Excerpts from a February 2004 letter from Microsoft’s manager of government affairs in the state, DeLee Shoemaker, to Rep. Ed Murray (my emphasis):
"Our employees know that they will be treated fairly, without being subject to prejudice or discrimination. An essential element of those policies includes the company’s anti-discrimination policy that expressly states that it will not discriminate on the basis of sexual orientation.
"Unfortunately, not all Americans experience this basic protection in their employment. It remains legal in 38 states to fire someone because of their sexual orientation. This is not only bad for business, it is bad for America. House Bill 1809 would simply and fairly extend to Washingtonians the fundamental right to be judged on one’s own merits. And it does so without any undue burden on our business environment.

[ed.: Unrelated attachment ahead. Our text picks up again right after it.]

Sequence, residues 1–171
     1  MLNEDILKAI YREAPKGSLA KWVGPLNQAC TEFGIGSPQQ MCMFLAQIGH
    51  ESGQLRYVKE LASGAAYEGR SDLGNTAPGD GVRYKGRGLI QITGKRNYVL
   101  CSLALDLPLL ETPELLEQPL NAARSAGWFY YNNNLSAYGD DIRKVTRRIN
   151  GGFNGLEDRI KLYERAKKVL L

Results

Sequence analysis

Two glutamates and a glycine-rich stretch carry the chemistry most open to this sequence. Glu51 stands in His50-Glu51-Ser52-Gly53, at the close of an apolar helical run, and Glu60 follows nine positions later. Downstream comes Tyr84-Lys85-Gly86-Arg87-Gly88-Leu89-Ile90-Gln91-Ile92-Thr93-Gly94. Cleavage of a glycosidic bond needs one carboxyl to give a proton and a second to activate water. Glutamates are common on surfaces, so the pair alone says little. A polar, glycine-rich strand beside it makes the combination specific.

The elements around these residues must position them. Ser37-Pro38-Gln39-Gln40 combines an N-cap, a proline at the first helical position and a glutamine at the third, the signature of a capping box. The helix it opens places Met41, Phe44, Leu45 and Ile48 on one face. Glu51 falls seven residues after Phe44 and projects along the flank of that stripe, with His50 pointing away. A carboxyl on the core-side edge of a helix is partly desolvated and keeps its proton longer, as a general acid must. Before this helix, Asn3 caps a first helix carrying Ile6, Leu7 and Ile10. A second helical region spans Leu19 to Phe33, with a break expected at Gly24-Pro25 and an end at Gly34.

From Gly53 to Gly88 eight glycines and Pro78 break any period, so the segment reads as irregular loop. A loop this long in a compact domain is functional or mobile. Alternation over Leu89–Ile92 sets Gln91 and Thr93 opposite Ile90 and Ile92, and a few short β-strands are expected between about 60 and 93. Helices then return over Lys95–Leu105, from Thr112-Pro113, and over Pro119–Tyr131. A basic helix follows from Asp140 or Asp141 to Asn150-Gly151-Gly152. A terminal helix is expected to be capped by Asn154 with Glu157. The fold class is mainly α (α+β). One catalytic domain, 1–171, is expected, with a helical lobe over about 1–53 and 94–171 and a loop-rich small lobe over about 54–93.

"Microsoft strongly supports passage of HB 1809 and the additional protections it provides in our state’s law against discrimination. The principles it fosters are consistent with our corporate principles in treating all employees with fairness and respect."
All good stuff, except when the bill came up again this year, Microsoft switched its stance to one of neutrality, claiming it wanted to focus on issues more directly related to its business. Somehow the statement in the letter from 2004 that discrimination is "bad for business" got lost in the rush to focus.
I find it interesting that, despite Microsoft switching its stance, there were other big-name companies in the Washington area who saw no difficulty in continuing to support the bill. Companies such as Boeing, HP, Nike, Coors and Levi Strauss.
Microsoft folding up its tent in this fashion has left a very nasty taste in my mouth. My MSDN subscription comes up for renewal next month. It’s not going to be renewed. A small gesture, but mine own.